I would say vice versa. The transmission coefficient of a perfect bulk system for a given energy (e.g., the Fermi energy), spin, and (k_A, k_B)-point (A and B are directions perpendicular to the transport direction) is given by the number of band crossings given by solution of the following equation E(k_A, k_B, k_C) = E_Fermi with respect to k_C.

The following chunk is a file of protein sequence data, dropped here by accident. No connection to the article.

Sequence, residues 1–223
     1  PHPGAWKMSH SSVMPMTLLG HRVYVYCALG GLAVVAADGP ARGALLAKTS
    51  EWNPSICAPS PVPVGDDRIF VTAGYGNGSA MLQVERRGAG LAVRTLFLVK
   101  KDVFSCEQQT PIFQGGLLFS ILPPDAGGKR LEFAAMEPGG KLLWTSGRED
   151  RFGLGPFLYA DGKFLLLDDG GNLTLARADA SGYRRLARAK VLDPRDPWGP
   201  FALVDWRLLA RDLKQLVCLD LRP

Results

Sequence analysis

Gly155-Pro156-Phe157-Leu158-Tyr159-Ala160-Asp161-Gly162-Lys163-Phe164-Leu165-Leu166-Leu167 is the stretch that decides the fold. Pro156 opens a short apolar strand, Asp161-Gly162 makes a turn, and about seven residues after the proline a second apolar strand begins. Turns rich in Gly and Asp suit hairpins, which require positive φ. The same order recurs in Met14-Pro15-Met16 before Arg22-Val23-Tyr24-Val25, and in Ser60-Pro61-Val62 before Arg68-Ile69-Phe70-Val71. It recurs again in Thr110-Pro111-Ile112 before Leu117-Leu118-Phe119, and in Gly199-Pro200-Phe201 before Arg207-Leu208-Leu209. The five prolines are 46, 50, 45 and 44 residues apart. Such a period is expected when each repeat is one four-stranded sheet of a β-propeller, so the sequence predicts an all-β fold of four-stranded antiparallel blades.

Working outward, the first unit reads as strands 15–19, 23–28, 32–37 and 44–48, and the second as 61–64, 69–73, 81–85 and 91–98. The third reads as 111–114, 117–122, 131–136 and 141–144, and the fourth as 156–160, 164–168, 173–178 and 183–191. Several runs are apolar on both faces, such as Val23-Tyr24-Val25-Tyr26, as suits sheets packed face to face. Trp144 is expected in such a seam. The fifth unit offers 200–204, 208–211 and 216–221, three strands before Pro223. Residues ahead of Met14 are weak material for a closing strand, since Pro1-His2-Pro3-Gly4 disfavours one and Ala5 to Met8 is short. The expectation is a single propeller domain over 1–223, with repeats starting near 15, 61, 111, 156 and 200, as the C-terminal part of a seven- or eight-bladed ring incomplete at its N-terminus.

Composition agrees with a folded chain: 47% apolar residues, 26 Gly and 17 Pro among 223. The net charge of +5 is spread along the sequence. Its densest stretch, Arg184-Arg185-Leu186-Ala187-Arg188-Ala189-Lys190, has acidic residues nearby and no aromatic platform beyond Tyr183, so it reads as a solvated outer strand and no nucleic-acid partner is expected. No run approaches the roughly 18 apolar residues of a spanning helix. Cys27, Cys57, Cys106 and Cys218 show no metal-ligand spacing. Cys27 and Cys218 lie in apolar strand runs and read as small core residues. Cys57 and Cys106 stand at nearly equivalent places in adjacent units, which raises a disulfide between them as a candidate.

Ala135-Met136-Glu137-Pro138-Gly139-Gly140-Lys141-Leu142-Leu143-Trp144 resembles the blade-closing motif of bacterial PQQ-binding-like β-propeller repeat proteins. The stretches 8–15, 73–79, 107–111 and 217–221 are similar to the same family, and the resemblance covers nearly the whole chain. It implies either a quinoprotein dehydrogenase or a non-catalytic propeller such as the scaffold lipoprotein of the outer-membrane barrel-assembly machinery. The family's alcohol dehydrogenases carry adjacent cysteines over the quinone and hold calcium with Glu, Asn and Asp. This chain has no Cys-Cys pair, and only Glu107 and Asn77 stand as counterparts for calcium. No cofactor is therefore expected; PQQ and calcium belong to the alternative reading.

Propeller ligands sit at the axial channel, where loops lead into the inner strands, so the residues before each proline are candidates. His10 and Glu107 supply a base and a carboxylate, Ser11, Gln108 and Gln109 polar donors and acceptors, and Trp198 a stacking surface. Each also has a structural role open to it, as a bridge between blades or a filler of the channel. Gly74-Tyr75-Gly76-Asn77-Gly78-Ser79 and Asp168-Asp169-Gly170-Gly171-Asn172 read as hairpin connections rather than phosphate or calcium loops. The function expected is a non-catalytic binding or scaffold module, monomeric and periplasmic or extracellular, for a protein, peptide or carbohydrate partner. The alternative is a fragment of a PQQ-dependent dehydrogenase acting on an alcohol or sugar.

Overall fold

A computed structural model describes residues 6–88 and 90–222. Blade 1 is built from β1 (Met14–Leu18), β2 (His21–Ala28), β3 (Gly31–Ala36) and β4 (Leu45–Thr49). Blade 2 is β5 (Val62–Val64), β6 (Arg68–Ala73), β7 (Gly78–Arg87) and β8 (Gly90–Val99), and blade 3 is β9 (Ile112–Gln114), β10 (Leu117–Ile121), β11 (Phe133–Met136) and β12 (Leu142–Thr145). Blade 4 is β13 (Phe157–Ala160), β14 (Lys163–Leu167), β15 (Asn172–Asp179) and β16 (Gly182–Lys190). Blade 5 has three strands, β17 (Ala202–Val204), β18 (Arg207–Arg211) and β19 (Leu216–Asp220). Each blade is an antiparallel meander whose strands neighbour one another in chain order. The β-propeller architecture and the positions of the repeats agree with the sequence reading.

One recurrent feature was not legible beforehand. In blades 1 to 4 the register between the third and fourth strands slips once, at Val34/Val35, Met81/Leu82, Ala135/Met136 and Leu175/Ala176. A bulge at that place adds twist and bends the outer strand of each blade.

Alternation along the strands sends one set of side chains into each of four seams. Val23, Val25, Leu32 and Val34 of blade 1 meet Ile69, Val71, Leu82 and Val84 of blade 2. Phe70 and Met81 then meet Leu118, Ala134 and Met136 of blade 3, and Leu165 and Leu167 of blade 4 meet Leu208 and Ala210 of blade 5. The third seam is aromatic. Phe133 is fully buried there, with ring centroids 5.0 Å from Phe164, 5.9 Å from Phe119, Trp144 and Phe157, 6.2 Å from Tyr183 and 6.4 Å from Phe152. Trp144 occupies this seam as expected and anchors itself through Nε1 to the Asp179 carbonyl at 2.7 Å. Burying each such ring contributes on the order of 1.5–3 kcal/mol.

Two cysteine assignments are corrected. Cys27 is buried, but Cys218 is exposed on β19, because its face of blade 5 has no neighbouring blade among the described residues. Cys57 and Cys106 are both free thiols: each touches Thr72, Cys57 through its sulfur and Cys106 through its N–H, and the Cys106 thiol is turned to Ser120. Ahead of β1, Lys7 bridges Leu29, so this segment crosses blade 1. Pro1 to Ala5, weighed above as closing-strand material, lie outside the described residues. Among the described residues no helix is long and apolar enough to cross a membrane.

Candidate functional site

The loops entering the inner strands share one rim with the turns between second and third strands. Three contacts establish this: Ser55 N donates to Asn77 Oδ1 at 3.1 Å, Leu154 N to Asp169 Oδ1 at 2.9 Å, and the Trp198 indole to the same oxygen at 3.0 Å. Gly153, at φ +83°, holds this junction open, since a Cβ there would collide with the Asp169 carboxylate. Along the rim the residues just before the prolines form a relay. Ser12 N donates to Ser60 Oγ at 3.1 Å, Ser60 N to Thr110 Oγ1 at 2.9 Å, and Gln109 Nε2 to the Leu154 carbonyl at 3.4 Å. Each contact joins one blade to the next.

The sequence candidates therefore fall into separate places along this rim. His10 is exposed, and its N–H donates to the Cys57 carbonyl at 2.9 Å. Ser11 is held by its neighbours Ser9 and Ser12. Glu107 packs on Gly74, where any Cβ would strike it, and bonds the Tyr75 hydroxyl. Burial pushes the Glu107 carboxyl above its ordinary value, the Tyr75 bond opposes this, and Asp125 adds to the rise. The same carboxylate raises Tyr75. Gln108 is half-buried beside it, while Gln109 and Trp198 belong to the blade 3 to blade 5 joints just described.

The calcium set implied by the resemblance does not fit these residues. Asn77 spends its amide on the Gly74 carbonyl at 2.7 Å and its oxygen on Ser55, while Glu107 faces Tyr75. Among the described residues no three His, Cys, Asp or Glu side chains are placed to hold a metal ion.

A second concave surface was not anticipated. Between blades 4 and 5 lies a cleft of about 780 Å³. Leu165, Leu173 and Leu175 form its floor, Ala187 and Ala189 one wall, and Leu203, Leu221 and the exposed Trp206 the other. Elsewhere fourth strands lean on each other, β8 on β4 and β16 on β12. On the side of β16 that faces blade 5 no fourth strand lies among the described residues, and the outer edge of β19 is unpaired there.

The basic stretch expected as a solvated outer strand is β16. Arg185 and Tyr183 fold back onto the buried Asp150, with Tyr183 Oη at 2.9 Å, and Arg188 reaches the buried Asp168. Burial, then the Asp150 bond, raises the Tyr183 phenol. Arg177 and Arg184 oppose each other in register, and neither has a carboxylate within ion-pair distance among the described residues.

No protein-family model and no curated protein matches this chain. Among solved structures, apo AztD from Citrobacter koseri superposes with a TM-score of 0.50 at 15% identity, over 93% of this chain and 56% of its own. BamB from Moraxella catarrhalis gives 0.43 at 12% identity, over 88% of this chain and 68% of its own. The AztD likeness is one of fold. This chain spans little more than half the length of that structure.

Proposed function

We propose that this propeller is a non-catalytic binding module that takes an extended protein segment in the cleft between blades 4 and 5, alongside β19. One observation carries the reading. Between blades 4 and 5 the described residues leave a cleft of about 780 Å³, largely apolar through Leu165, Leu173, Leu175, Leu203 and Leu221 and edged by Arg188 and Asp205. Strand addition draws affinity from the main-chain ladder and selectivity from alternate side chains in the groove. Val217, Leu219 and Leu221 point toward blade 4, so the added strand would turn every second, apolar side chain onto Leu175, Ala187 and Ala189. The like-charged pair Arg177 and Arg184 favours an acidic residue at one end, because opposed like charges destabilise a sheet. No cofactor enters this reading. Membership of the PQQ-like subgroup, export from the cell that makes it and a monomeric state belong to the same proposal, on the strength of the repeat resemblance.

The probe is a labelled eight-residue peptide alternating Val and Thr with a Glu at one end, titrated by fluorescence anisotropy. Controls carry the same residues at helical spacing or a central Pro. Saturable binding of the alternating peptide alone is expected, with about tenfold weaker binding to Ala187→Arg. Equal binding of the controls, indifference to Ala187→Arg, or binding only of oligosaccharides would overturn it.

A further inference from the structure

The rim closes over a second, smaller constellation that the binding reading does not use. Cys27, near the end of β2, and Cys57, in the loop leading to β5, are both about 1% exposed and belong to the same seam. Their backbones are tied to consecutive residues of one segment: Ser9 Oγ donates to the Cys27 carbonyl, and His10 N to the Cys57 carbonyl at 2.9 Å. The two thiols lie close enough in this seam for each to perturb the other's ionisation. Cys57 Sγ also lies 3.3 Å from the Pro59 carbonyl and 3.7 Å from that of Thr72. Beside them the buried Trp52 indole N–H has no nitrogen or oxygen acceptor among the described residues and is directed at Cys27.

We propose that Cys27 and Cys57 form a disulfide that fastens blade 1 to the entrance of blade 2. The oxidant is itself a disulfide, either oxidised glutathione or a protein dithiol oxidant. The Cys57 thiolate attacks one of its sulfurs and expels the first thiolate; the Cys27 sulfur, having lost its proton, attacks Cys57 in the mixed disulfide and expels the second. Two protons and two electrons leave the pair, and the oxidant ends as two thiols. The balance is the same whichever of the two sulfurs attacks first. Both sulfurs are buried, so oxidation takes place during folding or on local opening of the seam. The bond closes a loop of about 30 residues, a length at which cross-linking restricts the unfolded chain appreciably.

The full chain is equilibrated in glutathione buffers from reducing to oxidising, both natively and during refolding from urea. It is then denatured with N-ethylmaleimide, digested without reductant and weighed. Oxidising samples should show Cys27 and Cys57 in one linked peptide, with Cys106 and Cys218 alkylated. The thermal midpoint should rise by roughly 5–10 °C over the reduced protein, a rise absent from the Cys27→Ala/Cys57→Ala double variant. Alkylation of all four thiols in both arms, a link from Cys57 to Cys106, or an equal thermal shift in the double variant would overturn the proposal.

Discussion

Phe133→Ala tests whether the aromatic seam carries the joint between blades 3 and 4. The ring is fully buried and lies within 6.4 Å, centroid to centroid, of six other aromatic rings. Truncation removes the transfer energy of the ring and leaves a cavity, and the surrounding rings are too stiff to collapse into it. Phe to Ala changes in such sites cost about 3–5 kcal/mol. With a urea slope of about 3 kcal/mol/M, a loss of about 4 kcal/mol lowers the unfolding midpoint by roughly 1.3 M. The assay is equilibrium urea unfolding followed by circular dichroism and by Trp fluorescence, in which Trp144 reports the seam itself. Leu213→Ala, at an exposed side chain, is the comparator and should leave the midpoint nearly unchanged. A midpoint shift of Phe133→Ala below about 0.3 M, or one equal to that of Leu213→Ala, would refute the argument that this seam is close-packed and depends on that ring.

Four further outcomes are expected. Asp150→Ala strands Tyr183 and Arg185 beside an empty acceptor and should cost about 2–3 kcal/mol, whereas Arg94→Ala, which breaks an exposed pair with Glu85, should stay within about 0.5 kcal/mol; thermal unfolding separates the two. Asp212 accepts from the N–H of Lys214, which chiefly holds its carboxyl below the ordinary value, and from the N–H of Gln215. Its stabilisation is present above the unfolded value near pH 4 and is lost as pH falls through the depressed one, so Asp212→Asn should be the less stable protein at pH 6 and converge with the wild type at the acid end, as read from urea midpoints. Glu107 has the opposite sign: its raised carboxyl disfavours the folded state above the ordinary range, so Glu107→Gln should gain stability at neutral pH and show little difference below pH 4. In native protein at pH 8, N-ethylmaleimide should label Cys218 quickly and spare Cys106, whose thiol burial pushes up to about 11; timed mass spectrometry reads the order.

If one wants to account for spin degeneracy, one should multiply the transmission coefficient by a factor of 2. To get the total transmission for a given energy, one has to integrate it over the 2D Brillouin zone, i.e., over k_A and k_B.